Today at 11 AM US Eastern Time, @TheWCS and @WCSTanzania will release an extremely rare pic of a baby kipunji Rungwecebus kipunji on Twitter. This is Africa's rarest monkey, first discovered by WCS in 2003 and described as a new genus in 2006. The monkey lives in a protected forest on Mt. Rungwe that WCS helped create two years after the species was first discovered. The baby is part of a habituated group WCS has been following for the past four years. Its mother lost its hand and lower arm in a snare before the forest was safeguarded, but it can still properly care for its new baby according to the researchers following it. With only 1,100 animals in total, the species is listed as Critically Endangered. Every birth makes a difference.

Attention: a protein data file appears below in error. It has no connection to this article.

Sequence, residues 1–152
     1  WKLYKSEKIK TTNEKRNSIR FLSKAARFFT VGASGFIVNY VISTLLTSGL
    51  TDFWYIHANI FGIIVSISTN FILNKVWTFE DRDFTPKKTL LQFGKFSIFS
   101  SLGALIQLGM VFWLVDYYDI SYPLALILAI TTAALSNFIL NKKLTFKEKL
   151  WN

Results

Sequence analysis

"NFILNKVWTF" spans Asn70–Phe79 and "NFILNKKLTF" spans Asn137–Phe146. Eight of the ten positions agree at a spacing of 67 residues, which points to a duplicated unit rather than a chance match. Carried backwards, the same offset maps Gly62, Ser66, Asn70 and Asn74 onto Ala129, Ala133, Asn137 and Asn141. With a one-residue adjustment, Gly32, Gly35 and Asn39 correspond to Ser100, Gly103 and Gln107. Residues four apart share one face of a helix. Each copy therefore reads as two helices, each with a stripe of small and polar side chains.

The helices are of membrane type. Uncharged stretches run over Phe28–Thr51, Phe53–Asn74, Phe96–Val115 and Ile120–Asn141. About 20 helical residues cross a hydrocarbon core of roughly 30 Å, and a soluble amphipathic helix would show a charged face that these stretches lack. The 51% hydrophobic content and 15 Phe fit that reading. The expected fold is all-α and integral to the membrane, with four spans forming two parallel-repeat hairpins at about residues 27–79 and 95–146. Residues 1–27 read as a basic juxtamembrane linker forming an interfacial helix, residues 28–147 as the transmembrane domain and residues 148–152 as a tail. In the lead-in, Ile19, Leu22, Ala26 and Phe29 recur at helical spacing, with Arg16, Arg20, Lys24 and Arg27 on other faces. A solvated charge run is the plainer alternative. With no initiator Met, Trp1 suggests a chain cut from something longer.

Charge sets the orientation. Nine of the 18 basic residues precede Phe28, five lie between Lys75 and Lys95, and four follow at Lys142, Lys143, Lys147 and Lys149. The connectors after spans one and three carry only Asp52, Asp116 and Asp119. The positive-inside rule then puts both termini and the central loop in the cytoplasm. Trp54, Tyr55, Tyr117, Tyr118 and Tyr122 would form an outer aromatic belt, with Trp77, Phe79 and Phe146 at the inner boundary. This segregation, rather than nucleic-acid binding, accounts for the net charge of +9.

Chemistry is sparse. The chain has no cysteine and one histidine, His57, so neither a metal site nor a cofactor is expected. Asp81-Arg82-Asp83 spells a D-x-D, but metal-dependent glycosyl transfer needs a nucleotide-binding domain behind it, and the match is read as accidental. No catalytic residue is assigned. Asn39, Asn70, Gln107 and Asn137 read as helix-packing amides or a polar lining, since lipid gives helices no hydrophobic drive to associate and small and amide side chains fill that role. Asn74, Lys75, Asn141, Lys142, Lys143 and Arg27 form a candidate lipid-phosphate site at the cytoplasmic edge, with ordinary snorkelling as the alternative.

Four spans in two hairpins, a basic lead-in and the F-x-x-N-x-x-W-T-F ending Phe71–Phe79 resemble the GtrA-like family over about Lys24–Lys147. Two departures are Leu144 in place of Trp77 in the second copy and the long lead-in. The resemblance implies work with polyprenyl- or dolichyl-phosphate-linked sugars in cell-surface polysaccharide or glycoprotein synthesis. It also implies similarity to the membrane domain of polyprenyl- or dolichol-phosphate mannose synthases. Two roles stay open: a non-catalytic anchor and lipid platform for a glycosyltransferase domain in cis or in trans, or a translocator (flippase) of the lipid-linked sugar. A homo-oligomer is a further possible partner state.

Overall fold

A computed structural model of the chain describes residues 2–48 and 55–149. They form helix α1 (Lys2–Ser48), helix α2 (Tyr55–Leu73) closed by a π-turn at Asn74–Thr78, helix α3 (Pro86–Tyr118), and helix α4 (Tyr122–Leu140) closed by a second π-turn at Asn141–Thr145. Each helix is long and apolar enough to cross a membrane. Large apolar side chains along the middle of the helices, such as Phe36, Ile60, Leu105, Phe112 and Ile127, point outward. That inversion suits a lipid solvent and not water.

The Wildlife Conservation Society saves wildlife and wild places worldwide. We do so through science, global conservation, education and the management of the world's largest system of urban wildlife parks, led by the flagship Bronx Zoo. Together these activities change attitudes towards nature and help people imagine wildlife and humans living in harmony. WCS is committed to this mission because it is essential to the integrity of life on Earth.